BY STEPHANIE ESLAKE
The School for Good and Evil is a tale of heroes, villains, and their training ground. For composer Theodore Shapiro, this story is best told with music — specifically, “epic pop”.
It might seem like an unusual juxtaposition with the film’s fairytale narrative and Harry Potter-esque aesthetic, but “epic pop” became Theodore’s stylistic mantra as he composed this 2022 Netflix hit.
Theodore — who recently won an Emmy for his Severance score (Apple TV+), and penned the music for films such as The Eyes of Tammy Faye and Bombshell — sits down with CutCommon to talk about this magical new production.
What drew you into The School for Good and Evil, Theodore?
First and foremost, [director] Paul Feig. This is the fifth film I have done with Paul. He is a wonderful director and collaborator, as well as a great human being. But that said, I was also extremely drawn to this opportunity to establish the musical language of a unique world.
The movie is all about the villains and heroes of fairy tales — and that means you’ve joined a huge legacy of these stories on screen. How did you conjure the magic of this fantasy world?
Before he started shooting the film, Paul created a reel of visual ideas. The costumes were couture-inspired, the look of it was young and modern, and the reel was set to an indie rock song. So from the get-go, it was clear that the film would have a youthful energy and point of view.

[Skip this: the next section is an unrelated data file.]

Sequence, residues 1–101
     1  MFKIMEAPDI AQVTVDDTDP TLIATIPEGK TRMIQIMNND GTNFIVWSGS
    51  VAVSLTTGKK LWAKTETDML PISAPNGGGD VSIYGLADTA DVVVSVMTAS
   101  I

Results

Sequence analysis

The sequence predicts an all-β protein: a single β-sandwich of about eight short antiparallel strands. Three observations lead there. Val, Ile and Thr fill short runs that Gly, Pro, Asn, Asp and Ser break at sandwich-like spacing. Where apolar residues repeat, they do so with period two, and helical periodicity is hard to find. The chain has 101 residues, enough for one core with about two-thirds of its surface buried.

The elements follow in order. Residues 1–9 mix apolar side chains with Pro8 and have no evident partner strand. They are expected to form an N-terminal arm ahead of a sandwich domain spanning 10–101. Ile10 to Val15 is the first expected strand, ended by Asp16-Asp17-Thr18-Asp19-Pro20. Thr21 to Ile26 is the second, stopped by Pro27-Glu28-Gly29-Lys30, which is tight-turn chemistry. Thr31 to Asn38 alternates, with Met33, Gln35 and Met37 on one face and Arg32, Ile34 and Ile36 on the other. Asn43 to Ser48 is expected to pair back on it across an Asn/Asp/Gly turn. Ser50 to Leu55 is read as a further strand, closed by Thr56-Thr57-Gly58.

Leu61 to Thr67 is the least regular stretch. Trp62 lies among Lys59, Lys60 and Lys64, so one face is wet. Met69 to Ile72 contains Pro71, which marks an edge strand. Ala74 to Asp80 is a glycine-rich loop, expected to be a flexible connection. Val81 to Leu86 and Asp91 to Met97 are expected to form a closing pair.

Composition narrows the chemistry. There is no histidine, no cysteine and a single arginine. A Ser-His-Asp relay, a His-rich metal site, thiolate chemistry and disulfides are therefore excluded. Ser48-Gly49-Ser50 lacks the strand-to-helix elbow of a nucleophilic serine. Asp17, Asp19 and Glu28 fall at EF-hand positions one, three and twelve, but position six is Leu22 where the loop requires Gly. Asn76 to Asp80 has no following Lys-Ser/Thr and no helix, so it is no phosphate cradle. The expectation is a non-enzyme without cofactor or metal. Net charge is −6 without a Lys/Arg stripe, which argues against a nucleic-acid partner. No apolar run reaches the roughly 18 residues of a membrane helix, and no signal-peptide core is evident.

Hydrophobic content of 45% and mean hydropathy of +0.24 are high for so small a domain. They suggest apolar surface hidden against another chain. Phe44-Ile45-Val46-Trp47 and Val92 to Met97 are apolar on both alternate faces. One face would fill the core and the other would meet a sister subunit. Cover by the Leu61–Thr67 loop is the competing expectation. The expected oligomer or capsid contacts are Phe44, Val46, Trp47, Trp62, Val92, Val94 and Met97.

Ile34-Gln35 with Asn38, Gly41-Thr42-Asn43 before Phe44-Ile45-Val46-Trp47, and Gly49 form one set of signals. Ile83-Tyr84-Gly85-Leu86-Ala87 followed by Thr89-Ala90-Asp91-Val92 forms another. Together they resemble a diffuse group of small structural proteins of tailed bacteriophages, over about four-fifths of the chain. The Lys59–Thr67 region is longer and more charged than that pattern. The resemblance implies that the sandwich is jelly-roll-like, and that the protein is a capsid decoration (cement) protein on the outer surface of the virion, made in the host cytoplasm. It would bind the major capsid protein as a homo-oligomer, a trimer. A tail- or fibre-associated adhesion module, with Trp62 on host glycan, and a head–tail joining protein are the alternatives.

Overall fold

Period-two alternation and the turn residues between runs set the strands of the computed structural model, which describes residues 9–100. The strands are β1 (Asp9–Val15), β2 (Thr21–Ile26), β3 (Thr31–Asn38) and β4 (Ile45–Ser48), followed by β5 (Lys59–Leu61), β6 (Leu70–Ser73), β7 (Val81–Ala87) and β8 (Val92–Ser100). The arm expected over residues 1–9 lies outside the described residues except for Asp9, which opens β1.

Musically, the film required the size and epic quality of a large orchestral score, but I always tried to keep some amount of pop sensibility alive in the music. Sometimes, that could be with programmed beats and synths, sometimes with chord progressions that felt more from a pop universe.
‘Epic pop’ became the mantra I would repeat to myself over and over as I tried to figure out what came next!
What message were you sending by choosing to include medieval sounds in particular?
There’s a timeless quality to the world of the film. The fairy tales represented in it span the ages. So I wanted the music to reflect that by referring to a variety of eras. There are medieval instruments, like recorders and frame drums. There is the baroque touch of the harpsichord. There’s a large orchestra and pipe organ that reflects something of a late-Romantic/20th-Century sound. And then electronics of today.
I was hoping to convey the idea of that timelessness by making a big musical gumbo with all of these references colliding with one another.
Being about a school that trains heroes and villains, I’d imagine you needed to approach this concept via two very distinct soundworlds. How did you create the musical identity for each side? And do they merge?
The theme for the School for Good is pretty much straight-ahead nobility and beauty. There are a few minor chromatic quirks, but for the most part it represents good as the School for Good would have you see it — uncomplicated, valorous, and lovely.
It’s said that being evil is more fun, and I confess that the School for Evil got more fun toys in its music. I underlined this theme with a Bulgarian choir singing in a Balkan style — a harsh, nasal sound. That provided a great ear candy color for this dark theme. And sometimes when the schools were together, you hear both themes playing simultaneously, in counterpoint with one another.
The score has a lot of themes, and I didn’t want too much thematic clutter. So I chose to let the themes for the Schools for Good and Evil also represent key characters in each world. The School for Good theme is used for Professor Dovey and the School for Evil theme for both Lady Lesso and Rafal.